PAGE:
Statistics from Altmetric.com
More than 1600 people attended the 50th annual congress of the British Equine Veterinary Association, held in Liverpool from September 7 to 10. As well as an extensive scientific programme, with a focus on performance horses in anticipation of next year's Olympic games, the congress saw the launch of a new equine prepurchase examination certificate. It also included BEVA's annual general meeting, at which recent organisational changes were discussed. Gill Harris reports
SPEAKING at the congress's opening ceremony, the outgoing BEVA president, Deidre Carson, said that she was delighted to be back in Liverpool for a meeting that offered a full programme of lectures, panel sessions and ‘how to’ talks covering topics to suit every interest and range of expertise. The scientific programme at the congress had a performance horse bias in the lead-up to the 2012 Olympic games, with lectures on lameness diagnosis, keeping competition horses sound and the use of medication in performance horses.
Comparative medicine lectures, which were first introduced last year, provided delegates with an insight into developments in the small animal and medical fields, looking this year at cartilage repair and reproductive techniques. The scientific programme also included a full day's CPD for veterinary nurses, a half day on practice management topics and a series of sessions on equine welfare, looking at UK and international issues.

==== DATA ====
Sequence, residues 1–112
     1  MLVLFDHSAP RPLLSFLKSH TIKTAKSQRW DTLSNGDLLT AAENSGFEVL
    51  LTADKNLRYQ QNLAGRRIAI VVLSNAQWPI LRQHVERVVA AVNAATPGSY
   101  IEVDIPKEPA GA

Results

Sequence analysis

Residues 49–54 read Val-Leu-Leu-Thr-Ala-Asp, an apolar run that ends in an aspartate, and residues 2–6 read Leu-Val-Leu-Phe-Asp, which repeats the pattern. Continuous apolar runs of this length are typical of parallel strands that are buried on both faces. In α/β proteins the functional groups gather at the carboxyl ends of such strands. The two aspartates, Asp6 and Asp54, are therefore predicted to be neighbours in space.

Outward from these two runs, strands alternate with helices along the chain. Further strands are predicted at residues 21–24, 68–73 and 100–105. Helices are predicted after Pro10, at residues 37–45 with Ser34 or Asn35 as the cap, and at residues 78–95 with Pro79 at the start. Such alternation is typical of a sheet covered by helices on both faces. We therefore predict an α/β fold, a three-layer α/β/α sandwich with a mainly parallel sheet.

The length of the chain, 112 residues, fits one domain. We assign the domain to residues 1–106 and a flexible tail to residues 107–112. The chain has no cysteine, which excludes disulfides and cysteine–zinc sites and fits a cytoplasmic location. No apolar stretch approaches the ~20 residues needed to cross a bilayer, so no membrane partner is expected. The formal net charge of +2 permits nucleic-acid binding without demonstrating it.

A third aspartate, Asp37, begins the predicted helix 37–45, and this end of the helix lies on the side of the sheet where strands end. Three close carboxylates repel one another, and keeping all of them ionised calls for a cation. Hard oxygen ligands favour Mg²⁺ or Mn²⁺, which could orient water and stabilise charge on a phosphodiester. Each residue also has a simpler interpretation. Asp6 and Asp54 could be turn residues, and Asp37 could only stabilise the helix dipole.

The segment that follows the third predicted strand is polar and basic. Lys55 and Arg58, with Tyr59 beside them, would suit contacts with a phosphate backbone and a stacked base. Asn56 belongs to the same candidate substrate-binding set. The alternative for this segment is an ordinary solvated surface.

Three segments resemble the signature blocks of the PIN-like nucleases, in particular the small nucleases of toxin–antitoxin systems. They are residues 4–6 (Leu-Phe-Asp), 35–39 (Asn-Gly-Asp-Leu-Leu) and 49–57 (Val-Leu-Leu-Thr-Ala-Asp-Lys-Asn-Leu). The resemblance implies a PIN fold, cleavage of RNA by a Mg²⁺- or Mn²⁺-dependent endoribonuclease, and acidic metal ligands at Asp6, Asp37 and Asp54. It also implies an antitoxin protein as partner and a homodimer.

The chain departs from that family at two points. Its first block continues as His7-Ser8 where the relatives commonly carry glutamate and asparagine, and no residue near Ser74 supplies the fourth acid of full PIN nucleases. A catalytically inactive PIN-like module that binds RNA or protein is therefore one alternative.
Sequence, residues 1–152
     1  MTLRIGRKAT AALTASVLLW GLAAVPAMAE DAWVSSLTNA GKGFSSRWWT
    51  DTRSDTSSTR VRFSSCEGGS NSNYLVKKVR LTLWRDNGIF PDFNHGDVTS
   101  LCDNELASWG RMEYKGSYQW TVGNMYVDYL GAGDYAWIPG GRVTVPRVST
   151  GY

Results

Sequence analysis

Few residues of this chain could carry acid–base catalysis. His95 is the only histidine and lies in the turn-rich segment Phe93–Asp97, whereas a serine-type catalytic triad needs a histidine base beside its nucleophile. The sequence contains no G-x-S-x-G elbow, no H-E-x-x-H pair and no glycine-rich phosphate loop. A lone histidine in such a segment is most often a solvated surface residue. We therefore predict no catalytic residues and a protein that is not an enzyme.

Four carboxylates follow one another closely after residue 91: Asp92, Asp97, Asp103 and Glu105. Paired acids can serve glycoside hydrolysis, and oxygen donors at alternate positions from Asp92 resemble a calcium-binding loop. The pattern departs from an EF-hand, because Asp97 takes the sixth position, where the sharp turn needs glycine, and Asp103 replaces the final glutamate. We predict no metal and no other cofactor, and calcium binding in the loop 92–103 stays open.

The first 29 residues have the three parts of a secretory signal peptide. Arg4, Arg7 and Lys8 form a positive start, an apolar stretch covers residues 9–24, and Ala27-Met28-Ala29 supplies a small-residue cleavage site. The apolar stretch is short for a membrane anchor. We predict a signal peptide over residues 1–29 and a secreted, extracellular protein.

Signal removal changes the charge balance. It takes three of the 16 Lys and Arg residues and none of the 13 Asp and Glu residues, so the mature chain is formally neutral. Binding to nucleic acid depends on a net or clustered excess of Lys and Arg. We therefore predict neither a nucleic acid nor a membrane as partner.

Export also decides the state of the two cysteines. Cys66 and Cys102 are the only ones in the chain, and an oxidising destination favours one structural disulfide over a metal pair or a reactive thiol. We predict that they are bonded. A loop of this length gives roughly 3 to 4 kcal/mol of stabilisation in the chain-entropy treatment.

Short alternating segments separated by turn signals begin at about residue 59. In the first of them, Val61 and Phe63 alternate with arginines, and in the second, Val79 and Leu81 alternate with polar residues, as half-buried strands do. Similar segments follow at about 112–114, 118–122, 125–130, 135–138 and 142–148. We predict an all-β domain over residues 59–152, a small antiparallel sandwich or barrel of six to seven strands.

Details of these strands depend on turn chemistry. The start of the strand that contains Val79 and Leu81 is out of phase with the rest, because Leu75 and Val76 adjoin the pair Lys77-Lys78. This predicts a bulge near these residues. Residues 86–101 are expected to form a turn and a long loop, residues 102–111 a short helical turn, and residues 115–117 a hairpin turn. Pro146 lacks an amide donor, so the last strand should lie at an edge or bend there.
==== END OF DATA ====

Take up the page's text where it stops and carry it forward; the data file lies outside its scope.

A revised equine prepurchase examination (PPE) certificate and guidance notes were launched at the congress. The new documents have been revised by BEVA's PPE committee, chaired by Malcolm Morley. Describing the key changes that had been made, he said that the new certificate now provided ‘an accurate record of what was and wasn't done’ during the examination. The changes include:
■ The new certificate notes whether the seller of the horse is a client of the examining vet's practice; …